[read the rest of this post at Prawfsblawg]

Monday, July 13, 2009

The Rule of 10

I started last week with the proposition that sentences for violent crime are too long and that overly long sentences for the violent anchors a system of mass imprisonment. I want to come back later to the dynamics that might explain how fear of violence generates support for incarcerating the disorderly, but for now I want to raise a more provocative point. How long should prison sentences be for violent crime? I do not have an answer, but I do I have a hunch I'd love to get some reaction to, it is what I'll call, the rule of 10. Putting aside what to do with violent recidivists (a person who serves a lengthy prison term for a violent crime and then commits another such crime on release), and the kinds of especially heinous murders that are sometimes still punished with death in the United States, persons convicted of willful injury (or even killing) another, should generally be released after not more than 10 years of imprisonment. (I'll reserve for now the question of whether indeterminacy could be built into that to prevent the release of those prisoners who seem to pose a particularly extended risk given their behavior in prison).

[read the rest of this post at Prawfsblawg]

Thursday, July 9, 2009

Reconsidering the Punishment of Violent Crime

For those of us who believe that America imprisons too high a portion of its population, recent years have seen mixed progress. Many states have adopted measures that aim to move drug-addicted offenders involved in drug and property crime from jail or prison toward treatment under the threat of jail. Other categories of prisoners who seem to be enjoying some increase in sympathy from the public and politicians include women (whose crimes are often tied up with the criminality of abusive partners, and whose loss from the community often leaves a bigger hole than with men), juveniles facing long prison terms, and parolees returned to prison on technical violations (this may be a unique California problem but it includes tens of thousands of prisoners). This approach has lots of political appeal right now, but it will not work to achieve a substantial and enduring reduction in the US rate of incarceration. Instead, against all political common sense, I believe we need to directly address the extraordinarily harsh prison sentences we now hand out for violent crime.

[continue reading this post on Prawfsblawg]

Monday, July 6, 2009

Mass Imprisonment: The Birth of a Social Problem

Looking around for a dissertation topic in 1986, I followed the lead of my adviser, Sheldon Messinger, and began to look more closely at California's rapidly growing prison system. I came to focus in particular on the parole system that was supposed to guide prisoners back into society, but which instead seemed to keep them cycling back to prison (see my 1993 book Poor Discipline: Parole and the Social Control of the Underclass, 1890-1990 for the details). California's prison population had already increased more than 100 percent since I began as an undergraduate at Berkeley nine years earlier in 1977 (we took our time in those days). Many people, especially academic criminologists, doubted the wisdom of sending lots of felony offenders indiscriminately to prison (let alone parole violators), mainly because they did not believe it would reduce crime (others did believe, especially James Q. Wilson). Messinger was one of the few beginning to worry outloud (although not in print) about how this massive increase in the scale of imprisonment would effect society more generally. I was able to communicate some of his disquiet empirically in Poor Discipline.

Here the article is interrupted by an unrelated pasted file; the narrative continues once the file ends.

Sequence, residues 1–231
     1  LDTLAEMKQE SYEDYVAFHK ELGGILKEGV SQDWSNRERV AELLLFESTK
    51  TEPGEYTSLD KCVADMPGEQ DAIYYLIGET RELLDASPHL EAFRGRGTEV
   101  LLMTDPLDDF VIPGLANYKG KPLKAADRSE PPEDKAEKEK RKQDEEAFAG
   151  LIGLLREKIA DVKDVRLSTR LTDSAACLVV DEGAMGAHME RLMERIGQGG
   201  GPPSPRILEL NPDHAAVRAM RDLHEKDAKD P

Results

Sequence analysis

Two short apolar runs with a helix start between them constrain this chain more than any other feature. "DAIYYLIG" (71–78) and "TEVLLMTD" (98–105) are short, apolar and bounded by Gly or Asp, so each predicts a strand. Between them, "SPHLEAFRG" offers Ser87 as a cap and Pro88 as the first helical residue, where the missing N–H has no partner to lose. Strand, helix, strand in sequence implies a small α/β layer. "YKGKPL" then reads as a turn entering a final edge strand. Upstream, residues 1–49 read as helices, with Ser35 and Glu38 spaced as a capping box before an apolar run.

The turnabout in that perception is now quite visible in academic research, and increasingly in public discourse. Erik Eckholm's excellent article on the children of the incarcerated in yesterday's NYTimes is a case in point. But while the emergence of mass imprisonment as a social problem in its own right is an encouraging sign (for those of us who would like to reverse it), it will only get us part of the way there.

[to read the rest of this post with all the links on Prawsfblawg]

Wednesday, July 1, 2009

Durkheim's Law and Order

A terrible crime is committed, the kind that brings scores of relatives to their knees in grief and sets thousands more on edge; the kind of crime that can lead people to question their own sense of the rightness of the moral order in which they live. A wrong doer is identified. Upon him the moral outrage of the community is turned. Through the expression of that outrage in punishment (originally in the most physical and painful ways), the sense of rightness to the moral order is restored.

[The rest of this post can be read on prawfsblawg where I will be guest blogging this month and next]